“Exiled” opens in New York on August 31st (official site).



Reminders that the ’90s were a thing

"The Place We Live" is available for a Jessie Spano-level binge on Comedy Crib.

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GIFs via Giphy

Unless you stopped paying attention to the world at large in 1989, you are of course aware that the ’90s are having their pop cultural second coming. Nobody is more acutely aware of this than Dara Katz and Betsy Kenney, two comedians who met doing improv comedy and have just made their Comedy Crib debut with the hilarious ’90s TV throwback series, The Place We Live.

IFC: How would you describe “The Place We Live” to a fancy network executive you just met in an elevator?

Dara: It’s everything you loved–or loved to hate—from Melrose Place and 90210 but condensed to five minutes, funny (on purpose) and totally absurd.

IFC: How would you describe “The Place We Live” to a drunk friend of a friend you met in a bar?

Betsy: “Hey Todd, why don’t you have a sip of water. Also, I think you’ll love The Place We Live because everyone has issues…just like you, Todd.”


IFC: When you were living through the ’90s, did you think it was television’s golden age or the pop culture apocalypse?

Betsy: I wasn’t sure I knew what it was, I just knew I loved it!

Dara: Same. Was just happy that my parents let me watch. But looking back, the ’90s honored The Teen. And for that, it’s the golden age of pop culture. 

IFC: Which ’90s shows did you mine for the series, and why?

Betsy: Melrose and 90210 for the most part. If you watch an episode of either of those shows you’ll see they’re a comedic gold mine. In one single episode, they cover serious crimes, drug problems, sex and working in a law firm and/or gallery, all while being young, hot and skinny.

Dara: And almost any series we were watching in the ’90s, Full House, Saved By the Bell, My So Called Life has very similar themes, archetypes and really stupid-intense drama. We took from a lot of places. 


IFC: How would you describe each of the show’s characters in terms of their ’90s TV stereotype?

Dara: Autumn (Sunita Mani) is the femme fatale. Robin (Dara Katz) is the book worm (because she wears glasses). Candace (Betsy Kenney) is Corey’s twin and gives great advice and has really great hair. Corey (Casey Jost) is the boy next door/popular guy. Candace and Corey’s parents decided to live in a car so the gang can live in their house.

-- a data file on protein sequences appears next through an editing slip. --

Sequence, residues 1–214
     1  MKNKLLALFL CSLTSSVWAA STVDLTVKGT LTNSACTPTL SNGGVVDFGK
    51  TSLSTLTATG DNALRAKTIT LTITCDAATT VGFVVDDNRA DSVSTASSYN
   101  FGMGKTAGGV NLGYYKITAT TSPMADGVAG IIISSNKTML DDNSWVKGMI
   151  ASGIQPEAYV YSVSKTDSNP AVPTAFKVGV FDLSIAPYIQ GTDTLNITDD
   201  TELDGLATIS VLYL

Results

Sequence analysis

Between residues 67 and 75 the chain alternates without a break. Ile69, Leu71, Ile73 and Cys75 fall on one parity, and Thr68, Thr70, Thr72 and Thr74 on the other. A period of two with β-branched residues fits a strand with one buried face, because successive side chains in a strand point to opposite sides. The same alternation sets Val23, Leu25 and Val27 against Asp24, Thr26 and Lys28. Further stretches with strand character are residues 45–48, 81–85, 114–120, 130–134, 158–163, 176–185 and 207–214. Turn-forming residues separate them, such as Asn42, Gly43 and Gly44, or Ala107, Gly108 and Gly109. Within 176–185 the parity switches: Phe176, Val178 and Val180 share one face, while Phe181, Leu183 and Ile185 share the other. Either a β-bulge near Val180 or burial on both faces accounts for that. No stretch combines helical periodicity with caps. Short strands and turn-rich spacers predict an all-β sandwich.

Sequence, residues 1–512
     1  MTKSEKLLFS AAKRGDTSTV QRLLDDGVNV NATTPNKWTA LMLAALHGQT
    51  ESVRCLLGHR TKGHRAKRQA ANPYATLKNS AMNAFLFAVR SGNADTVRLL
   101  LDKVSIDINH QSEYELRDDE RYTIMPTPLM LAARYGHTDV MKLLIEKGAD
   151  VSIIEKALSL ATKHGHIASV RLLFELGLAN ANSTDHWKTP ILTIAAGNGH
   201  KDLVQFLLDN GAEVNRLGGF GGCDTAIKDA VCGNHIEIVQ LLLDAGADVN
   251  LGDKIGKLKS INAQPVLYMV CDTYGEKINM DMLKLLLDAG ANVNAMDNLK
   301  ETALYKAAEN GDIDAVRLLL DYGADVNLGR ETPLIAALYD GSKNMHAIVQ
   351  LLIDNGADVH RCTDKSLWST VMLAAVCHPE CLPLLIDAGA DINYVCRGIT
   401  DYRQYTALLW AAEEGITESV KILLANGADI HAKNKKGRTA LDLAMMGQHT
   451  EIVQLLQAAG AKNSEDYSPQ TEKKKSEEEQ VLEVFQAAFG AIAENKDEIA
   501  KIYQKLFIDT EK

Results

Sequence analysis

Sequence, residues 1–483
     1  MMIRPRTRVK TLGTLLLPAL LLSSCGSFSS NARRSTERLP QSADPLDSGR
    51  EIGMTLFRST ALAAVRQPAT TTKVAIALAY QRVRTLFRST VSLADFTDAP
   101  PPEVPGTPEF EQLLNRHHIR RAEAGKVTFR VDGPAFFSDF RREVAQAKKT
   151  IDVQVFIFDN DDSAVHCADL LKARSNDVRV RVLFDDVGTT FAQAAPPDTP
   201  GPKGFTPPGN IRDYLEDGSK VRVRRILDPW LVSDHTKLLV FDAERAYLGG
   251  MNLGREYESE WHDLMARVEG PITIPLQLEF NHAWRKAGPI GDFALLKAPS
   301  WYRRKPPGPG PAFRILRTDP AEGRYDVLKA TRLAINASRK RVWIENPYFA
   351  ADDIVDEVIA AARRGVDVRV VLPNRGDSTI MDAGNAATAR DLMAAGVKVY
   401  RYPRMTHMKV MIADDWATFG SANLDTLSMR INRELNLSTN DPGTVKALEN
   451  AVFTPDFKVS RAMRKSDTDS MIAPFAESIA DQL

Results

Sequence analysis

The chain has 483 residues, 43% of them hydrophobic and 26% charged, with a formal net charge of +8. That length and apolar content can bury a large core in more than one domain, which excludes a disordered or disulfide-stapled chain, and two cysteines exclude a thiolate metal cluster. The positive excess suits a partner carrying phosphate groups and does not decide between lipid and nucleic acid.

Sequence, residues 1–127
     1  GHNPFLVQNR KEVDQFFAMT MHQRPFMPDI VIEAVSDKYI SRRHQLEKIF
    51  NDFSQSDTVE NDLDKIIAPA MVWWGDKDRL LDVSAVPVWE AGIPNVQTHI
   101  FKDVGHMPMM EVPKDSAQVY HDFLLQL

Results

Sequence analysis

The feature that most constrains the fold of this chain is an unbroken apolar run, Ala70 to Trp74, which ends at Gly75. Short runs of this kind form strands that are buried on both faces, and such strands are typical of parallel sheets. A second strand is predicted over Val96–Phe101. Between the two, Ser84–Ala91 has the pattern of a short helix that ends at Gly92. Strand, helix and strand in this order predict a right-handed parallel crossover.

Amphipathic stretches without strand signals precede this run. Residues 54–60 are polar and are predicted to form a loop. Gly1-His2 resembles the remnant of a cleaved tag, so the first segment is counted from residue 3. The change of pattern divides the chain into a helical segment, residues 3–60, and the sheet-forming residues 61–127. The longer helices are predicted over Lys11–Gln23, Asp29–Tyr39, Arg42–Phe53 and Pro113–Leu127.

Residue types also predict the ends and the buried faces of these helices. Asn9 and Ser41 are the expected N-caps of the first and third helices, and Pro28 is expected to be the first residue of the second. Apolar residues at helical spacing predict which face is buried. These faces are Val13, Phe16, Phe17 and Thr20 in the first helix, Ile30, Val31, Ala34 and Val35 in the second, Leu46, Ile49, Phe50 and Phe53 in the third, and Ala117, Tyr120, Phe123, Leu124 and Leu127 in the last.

Lee (Jonathan Braylock) is the jock.

IFC: Why do you think the world is ready for this series?

Dara: Because everyone’s feeling major ’90s nostalgia right now, and this is that, on steroids while also being a totally new, silly thing.

Delight in the whole season of The Place We Live right now on IFC’s Comedy Crib. It’ll take you back in all the right ways.


New Nasty

Whips, Chains and Hand Sanitizer

Turn On The Full Season Of Neurotica At IFC's Comedy Crib

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Jenny Jaffe has a lot going on: She’s writing for Disney’s upcoming Big Hero 6: The Series, developing comedy projects with pals at Devastator Press, and she’s straddling the line between S&M and OCD as the creator and star of the sexyish new series Neurotica, which has just made its debut on IFC’s Comedy Crib. Jenny gave us some extremely intimate insight into what makes Neurotica (safely) sizzle…


IFC: How would you describe Neurotica to a fancy network executive you met in an elevator?

Jenny: Neurotica is about a plucky Dominatrix with OCD trying to save her small-town dungeon.

IFC: How would you describe Neurotica to a drunk friend of a friend you met in a bar?